Deborah M. Todd reports:
On its surface, the app economy has led smartphone owners to an era of wanting for nothing. Lost? Download one of hundreds of map apps for the quickest route to Point B. Lonely? A treasure trove of apps can point you toward nearby singles, teach you a few pick-up lines then book movie tickets and restaurant reservations for the first date.
All access, all seemingly complementary.
Beneath the user-friendly interfaces, apps are quietly collecting payment for their services. Whether it’s identifying your location, a backdoor entrance to your address books or a glimpse inside your smartphone camera, apps and the third-party companies that have paid their way into the app’s infrastructure are stockpiling personal information to create individual consumer portraits designed to bring advertisers the ultimate payday.
Considering that hundreds of pieces of information can be collected from apps in a single day, according to a recent Carnegie Mellon University study, it’s becoming clear that the actual price of a free smartphone app might be your identity.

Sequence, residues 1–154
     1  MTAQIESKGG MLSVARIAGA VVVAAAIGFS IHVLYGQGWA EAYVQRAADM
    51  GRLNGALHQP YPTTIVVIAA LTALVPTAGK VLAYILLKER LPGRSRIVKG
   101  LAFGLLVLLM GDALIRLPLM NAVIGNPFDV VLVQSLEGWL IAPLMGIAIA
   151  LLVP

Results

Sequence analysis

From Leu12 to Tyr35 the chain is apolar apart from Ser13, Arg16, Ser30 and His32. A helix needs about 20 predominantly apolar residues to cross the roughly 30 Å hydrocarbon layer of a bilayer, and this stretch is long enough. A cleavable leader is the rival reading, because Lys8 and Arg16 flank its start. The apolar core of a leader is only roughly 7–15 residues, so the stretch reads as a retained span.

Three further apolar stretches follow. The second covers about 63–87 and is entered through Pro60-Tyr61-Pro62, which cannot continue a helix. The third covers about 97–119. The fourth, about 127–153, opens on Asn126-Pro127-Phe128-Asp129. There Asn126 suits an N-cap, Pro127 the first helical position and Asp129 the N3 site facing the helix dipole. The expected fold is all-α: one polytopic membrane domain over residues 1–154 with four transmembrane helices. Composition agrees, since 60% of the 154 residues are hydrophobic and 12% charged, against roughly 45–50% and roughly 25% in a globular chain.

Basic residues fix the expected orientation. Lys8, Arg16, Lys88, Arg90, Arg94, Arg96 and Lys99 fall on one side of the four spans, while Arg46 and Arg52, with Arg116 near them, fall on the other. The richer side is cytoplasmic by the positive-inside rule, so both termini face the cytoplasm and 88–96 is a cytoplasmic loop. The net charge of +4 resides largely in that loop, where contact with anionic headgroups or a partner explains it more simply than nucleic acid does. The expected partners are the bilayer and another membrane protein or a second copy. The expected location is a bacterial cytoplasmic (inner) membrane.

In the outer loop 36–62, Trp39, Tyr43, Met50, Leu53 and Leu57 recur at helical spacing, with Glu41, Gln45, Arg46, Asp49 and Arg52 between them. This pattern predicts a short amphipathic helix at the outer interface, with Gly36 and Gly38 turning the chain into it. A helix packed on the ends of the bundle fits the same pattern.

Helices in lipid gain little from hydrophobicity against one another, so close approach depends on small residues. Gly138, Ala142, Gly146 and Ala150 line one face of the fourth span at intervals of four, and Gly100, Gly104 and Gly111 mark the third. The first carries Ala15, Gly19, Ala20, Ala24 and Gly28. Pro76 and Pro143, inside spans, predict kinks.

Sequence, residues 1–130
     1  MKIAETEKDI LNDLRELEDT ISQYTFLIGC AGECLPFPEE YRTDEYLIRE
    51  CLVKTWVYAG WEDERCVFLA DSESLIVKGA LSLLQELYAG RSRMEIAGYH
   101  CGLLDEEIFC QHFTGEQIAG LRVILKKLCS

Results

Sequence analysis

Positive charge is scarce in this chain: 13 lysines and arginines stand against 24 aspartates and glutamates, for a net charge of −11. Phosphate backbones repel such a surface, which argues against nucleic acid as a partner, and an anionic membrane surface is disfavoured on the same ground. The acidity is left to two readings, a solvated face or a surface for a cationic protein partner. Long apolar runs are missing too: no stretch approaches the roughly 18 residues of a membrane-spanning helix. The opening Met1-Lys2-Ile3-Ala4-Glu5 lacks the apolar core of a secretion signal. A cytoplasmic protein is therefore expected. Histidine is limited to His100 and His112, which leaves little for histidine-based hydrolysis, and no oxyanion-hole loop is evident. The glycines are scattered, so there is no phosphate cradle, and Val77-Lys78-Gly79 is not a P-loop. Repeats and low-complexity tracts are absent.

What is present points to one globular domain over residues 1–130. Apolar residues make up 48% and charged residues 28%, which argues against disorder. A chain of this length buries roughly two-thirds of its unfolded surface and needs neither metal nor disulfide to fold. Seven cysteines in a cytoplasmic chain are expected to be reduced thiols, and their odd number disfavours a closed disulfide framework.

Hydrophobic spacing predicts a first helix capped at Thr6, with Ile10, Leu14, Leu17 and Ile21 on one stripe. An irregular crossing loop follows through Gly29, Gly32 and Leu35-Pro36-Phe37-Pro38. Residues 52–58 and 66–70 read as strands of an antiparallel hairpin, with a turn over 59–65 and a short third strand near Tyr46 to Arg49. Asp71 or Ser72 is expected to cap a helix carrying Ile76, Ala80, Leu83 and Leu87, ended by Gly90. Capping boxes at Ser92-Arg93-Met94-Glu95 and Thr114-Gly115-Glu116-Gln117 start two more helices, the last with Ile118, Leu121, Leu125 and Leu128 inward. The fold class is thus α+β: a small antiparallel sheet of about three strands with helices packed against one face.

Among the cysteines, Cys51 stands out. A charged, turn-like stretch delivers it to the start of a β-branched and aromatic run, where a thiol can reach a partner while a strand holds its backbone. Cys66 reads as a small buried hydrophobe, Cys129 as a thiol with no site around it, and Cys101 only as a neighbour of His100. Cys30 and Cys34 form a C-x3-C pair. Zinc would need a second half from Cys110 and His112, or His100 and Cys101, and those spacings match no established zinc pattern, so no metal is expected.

Read more on Pittsburgh Post-Gazette. Then think about this report by Angela Moscaritolo:
Big businesses are allocating millions of dollars every year towards app development, but many are leaving out one important step: securing their apps against cyberattacks.
According to a new study from the Ponemon Institute and IBM, nearly 40 percent of large companies — including many in the Fortune 500 — aren’t taking the right precautions to secure their mobile apps. The study, which researched security practices in more than 400 large organizations, found “major security flaws” in the ways most businesses build and deploy mobile apps for their customers.
Read more on PC World.
Taken together, these studies highlight how very much at risk the privacy and security of your information remains.